Hong Kong: Radio host arrested under national security law

Wan Yiu-sing, an online radio host for channel D100, was arrested on suspicion of money laundering and incitement of secession under Hong Kong’s new national security law on November 21. The International Federation of Journalists (IFJ) condemns the arrest and calls for Wan’s immediate release.

Wan Yiu-sing, an online radio host for channel D100 . Credit: YouTube

The radio host, known as ‘Giggs’, was arrested with his wife and a female assistant at their house in North Point, after being allegedly linked to a funding campaign for young protesters to leave Hong Kong and study in Taiwan. An administrator’s post on Gigg’s Facebook page said the trio were arrested on charges of providing financial support to separatist activities and money laundering.

Wan’s internet radio program, A thousand of fathers and mothers: Taiwan education aid programme, launched in February 2020. The program discusses topics in support of Hong Kong’s anti-government protests and has urged audiences to donate funds to support young protestors fleeing Hong Kong to Taiwan. Giggs is reported to have used subscription platform Patreon to fund his show and collect donations. Under Article 21 of the law prevents the incitement of aid or provision of financial assistance for secessionist activity. Violations are punishable with up to ten years’ imprisonment.

Lawyer and pro-democracy politician Daniel Wong Kwok-tung, who is representing Wan and his wife, dismissed the charges as “severe” and “unthinkable”. Police confirmed the arrests but are yet to reveal details of the charges. This brings the total number of arrests under the controversial Hong Kong’s law now to 32.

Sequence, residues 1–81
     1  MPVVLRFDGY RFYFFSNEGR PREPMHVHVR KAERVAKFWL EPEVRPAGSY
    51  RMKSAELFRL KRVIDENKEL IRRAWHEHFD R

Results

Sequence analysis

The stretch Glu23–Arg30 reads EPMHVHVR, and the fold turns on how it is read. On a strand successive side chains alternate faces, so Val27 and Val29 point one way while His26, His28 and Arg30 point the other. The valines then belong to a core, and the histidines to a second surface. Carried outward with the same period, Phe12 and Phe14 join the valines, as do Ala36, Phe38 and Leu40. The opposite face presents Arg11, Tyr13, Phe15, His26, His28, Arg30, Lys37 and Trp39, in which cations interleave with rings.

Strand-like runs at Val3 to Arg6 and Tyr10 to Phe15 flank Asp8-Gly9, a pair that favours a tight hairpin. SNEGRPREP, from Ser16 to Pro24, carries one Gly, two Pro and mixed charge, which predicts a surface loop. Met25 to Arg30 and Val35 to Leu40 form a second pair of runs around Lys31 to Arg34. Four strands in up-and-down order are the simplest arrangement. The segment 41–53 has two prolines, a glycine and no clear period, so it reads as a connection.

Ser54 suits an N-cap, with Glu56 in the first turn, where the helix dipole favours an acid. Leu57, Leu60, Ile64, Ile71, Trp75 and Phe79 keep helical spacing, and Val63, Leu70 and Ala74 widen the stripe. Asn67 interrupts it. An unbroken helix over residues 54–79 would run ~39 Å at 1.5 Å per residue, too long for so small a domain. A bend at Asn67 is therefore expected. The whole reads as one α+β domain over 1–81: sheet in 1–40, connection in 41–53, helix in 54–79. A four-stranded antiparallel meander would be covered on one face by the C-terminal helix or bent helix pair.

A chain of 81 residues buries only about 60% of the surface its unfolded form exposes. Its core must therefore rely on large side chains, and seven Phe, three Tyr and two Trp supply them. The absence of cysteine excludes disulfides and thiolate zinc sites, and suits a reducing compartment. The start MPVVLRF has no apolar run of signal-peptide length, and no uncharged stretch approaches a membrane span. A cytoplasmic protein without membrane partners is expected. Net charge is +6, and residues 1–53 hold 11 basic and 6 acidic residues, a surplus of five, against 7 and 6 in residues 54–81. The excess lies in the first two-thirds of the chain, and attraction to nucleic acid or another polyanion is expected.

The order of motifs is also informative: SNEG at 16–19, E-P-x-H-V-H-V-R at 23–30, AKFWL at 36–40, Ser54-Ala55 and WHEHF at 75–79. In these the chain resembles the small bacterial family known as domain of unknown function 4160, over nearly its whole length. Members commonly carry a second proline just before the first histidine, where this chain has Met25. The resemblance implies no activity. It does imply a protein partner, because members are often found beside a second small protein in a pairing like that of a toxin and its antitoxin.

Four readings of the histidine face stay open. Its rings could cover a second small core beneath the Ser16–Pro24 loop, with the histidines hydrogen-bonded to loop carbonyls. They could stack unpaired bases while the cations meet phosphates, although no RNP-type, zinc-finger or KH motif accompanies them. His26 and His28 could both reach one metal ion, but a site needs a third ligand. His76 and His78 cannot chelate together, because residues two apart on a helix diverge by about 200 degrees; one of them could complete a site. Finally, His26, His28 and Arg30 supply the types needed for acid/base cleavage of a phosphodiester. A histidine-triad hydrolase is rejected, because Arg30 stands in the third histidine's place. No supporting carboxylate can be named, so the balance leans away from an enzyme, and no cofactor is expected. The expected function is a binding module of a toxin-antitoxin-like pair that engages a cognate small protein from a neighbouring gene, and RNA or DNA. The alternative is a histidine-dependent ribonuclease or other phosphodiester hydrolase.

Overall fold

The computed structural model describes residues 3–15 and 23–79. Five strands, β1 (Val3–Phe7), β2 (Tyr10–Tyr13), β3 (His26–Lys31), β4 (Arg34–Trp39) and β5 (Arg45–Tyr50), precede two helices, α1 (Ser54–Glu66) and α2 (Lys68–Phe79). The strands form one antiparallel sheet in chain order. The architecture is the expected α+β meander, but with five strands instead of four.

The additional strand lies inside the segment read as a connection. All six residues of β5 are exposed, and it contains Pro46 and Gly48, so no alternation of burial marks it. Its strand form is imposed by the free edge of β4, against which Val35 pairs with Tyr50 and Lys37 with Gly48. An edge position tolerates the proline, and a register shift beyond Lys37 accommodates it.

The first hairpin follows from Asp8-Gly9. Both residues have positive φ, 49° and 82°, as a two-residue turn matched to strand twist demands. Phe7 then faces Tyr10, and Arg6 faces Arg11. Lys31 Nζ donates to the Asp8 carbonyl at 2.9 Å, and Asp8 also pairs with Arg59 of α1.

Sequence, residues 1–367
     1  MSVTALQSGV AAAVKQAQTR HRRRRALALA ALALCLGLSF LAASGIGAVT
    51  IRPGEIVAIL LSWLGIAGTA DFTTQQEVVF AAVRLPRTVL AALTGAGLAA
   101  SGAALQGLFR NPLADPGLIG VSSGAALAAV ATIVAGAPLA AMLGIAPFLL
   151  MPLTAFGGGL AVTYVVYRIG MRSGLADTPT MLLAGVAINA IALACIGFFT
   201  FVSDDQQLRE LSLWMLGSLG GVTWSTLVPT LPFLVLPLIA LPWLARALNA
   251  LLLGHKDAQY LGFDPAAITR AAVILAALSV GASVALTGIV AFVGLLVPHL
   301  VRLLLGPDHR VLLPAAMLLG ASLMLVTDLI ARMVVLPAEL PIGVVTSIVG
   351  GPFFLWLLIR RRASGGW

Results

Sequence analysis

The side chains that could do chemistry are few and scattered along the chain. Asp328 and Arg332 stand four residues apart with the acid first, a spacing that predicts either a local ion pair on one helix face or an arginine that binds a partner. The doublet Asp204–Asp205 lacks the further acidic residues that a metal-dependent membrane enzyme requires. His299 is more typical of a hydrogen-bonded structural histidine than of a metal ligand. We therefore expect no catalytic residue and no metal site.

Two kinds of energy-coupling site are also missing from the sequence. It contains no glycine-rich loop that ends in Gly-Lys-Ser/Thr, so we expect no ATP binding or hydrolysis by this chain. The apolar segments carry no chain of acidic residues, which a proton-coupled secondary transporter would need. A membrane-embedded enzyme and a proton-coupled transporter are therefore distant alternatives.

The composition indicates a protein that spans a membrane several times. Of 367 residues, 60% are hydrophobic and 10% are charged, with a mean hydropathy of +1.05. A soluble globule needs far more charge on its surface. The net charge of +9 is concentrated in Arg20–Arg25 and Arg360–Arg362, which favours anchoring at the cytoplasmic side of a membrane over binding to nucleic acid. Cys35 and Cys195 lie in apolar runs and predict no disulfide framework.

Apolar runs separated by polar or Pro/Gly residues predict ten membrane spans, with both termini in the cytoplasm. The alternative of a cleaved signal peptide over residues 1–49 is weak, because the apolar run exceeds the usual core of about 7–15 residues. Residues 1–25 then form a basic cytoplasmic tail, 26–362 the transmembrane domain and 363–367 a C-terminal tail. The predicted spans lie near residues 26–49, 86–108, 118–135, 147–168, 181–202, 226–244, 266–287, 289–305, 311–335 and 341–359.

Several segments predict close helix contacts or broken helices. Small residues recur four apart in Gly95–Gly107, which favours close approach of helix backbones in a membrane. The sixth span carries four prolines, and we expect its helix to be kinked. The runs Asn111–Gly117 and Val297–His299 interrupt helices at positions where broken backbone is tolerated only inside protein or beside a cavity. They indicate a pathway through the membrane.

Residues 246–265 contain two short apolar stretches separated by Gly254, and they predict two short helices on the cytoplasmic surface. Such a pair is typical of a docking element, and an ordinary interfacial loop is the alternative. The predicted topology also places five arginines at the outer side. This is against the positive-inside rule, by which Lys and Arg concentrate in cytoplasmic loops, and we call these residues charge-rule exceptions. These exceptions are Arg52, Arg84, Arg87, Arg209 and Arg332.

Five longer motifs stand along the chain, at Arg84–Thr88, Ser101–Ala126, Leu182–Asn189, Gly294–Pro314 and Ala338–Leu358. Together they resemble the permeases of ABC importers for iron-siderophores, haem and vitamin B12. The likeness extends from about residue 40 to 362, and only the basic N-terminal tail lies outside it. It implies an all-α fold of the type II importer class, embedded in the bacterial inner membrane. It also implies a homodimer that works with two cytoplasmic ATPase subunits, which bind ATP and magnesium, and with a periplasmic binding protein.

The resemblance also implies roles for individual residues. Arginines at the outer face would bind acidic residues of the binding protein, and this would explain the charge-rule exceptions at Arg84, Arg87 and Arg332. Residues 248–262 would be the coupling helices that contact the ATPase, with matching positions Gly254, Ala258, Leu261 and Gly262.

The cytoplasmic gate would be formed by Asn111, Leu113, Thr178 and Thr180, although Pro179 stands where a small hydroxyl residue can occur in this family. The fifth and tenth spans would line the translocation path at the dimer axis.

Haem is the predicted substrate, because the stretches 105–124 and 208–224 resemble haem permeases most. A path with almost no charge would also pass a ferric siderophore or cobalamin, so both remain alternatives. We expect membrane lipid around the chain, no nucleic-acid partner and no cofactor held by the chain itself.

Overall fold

Giggs’ arrest comes amid a steep decline in press freedom and media worker safety in Hong Kong. Police arrested producer Choy Yuk Ling on November 3 in relation to a Radio Television Hong Kong (RTHK) documentary about the 2019 Yuen Long mob attacks. Tony Chung, a former leader of student activist group Studentlocalism, was charged with secession, money laundering and conspiracy to publish seditious material on October 27. However, authorities are in the process of investigating the conduct of police under the national security law, with the Hong Kong High Court granting a judicial review application regarding police operations on November 19, describing the current police complaints system as “inadequate”.

The IFJ said: “The arrest of Wan Yiu-sing is clear evidence of how Hong Kong’s freedom is under attack with Beijing’s imposition of its national security law. The IFJ urges the release of Wan and his companions and for full details of the allegations to be made public.”

For further information contact IFJ Asia - Pacific on ifj@ifj-asia.org

The IFJ represents more than 600,000 journalists in 140 countries

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